## 83.12 Cartesian sheaves and modules

Here is the definition.

Definition 83.12.1. In Situation 83.3.3.

1. A sheaf $\mathcal{F}$ of sets or of abelian groups on $\mathcal{C}$ is cartesian if the maps $\mathcal{F}(\varphi ) : f_\varphi ^{-1}\mathcal{F}_ m \to \mathcal{F}_ n$ are isomorphisms for all $\varphi : [m] \to [n]$.

2. If $\mathcal{O}$ is a sheaf of rings on $\mathcal{C}_{total}$, then a sheaf $\mathcal{F}$ of $\mathcal{O}$-modules is cartesian if the maps $f_\varphi ^*\mathcal{F}_ m \to \mathcal{F}_ n$ are isomorphisms for all $\varphi : [m] \to [n]$.

3. An object $K$ of $D(\mathcal{C}_{total})$ is cartesian if the maps $f_\varphi ^{-1}K_ m \to K_ n$ are isomorphisms for all $\varphi : [m] \to [n]$.

4. If $\mathcal{O}$ is a sheaf of rings on $\mathcal{C}_{total}$, then an object $K$ of $D(\mathcal{O})$ is cartesian if the maps $Lf_\varphi ^*K_ m \to K_ n$ are isomorphisms for all $\varphi : [m] \to [n]$.

Of course there is a general notion of a cartesian section of a fibred category and the above are merely examples of this. The property on pullbacks needs only be checked for the degeneracies.

Lemma 83.12.2. In Situation 83.3.3.

1. A sheaf $\mathcal{F}$ of sets or abelian groups is cartesian if and only if the maps $(f_{\delta ^ n_ j})^{-1}\mathcal{F}_{n - 1} \to \mathcal{F}_ n$ are isomorphisms.

2. An object $K$ of $D(\mathcal{C}_{total})$ is cartesian if and only if the maps $(f_{\delta ^ n_ j})^{-1}K_{n - 1} \to K_ n$ are isomorphisms.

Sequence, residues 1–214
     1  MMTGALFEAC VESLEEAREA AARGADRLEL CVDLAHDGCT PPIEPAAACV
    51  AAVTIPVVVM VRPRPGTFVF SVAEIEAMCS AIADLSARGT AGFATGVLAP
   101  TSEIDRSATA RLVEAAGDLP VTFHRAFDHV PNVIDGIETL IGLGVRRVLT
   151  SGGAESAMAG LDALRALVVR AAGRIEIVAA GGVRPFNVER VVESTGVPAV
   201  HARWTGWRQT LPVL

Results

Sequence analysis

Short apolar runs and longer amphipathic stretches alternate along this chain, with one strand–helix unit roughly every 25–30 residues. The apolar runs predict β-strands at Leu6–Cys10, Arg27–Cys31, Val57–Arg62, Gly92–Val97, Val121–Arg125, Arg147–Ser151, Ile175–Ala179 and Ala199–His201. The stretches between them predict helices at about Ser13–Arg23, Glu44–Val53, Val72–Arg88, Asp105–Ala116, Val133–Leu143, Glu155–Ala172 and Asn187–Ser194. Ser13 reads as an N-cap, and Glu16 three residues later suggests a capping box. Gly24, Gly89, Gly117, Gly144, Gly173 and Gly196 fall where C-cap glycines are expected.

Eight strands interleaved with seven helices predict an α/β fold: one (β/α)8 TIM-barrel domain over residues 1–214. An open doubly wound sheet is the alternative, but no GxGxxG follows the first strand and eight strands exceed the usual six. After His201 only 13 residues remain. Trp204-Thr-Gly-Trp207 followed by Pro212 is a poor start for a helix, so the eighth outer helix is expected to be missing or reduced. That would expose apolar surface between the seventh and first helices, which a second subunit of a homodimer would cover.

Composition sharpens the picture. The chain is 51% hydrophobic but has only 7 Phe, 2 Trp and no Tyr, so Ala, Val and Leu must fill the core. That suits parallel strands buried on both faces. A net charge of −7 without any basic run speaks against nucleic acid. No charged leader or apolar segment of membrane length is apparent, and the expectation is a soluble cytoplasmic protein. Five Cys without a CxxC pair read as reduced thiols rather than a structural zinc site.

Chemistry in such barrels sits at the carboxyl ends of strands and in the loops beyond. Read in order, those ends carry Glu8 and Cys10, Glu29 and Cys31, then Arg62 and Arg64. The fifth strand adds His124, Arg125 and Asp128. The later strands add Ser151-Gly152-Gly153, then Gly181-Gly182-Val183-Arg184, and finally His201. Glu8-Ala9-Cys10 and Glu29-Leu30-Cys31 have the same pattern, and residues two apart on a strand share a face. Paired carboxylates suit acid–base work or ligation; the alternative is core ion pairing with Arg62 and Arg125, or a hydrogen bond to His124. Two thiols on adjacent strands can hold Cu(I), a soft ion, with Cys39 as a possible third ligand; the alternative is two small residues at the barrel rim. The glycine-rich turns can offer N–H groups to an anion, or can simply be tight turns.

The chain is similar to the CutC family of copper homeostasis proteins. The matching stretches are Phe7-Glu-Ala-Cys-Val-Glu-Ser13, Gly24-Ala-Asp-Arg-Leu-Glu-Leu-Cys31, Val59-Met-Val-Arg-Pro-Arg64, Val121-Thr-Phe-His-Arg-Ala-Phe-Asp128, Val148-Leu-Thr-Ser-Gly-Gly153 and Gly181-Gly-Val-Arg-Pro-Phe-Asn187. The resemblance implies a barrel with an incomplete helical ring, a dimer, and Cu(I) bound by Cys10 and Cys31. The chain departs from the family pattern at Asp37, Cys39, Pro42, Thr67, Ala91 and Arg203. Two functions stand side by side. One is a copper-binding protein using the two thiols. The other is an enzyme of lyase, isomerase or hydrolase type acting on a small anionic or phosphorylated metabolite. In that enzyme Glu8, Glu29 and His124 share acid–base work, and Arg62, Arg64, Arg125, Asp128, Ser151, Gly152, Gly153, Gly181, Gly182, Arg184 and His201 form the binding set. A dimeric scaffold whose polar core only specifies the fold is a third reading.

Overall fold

3. If $\mathcal{O}$ is a sheaf of rings on $\mathcal{C}_{total}$ a sheaf $\mathcal{F}$ of $\mathcal{O}$-modules is cartesian if and only if the maps $(f_{\delta ^ n_ j})^*\mathcal{F}_{n - 1} \to \mathcal{F}_ n$ are isomorphisms.

4. If $\mathcal{O}$ is a sheaf of rings on $\mathcal{C}_{total}$ an object $K$ of $D(\mathcal{O})$ is cartesian if and only if the maps $L(f_{\delta ^ n_ j})^*K_{n - 1} \to K_ n$ are isomorphisms.

Proof. In each case the key is that the pullback functors compose to pullback functor; for part (4) see Cohomology on Sites, Lemma 21.18.3. We show how the argument works in case (1) and omit the proof in the other cases. The category $\Delta$ is generated by the morphisms the morphisms $\delta ^ n_ j$ and $\sigma ^ n_ j$, see Simplicial, Lemma 14.2.2. Hence we only need to check the maps $(f_{\delta ^ n_ j})^{-1}\mathcal{F}_{n - 1} \to \mathcal{F}_ n$ and $(f_{\sigma ^ n_ j})^{-1}\mathcal{F}_{n + 1} \to \mathcal{F}_ n$ are isomorphisms, see Simplicial, Lemma 14.3.2 for notation. Since $\sigma ^ n_ j \circ \delta _ j^{n + 1} = \text{id}_{[n]}$ the composition

$\mathcal{F}_ n = (f_{\sigma ^ n_ j})^{-1} (f_{\delta _ j^{n + 1}})^{-1} \mathcal{F}_ n \to (f_{\sigma ^ n_ j})^{-1} \mathcal{F}_{n + 1} \to \mathcal{F}_ n$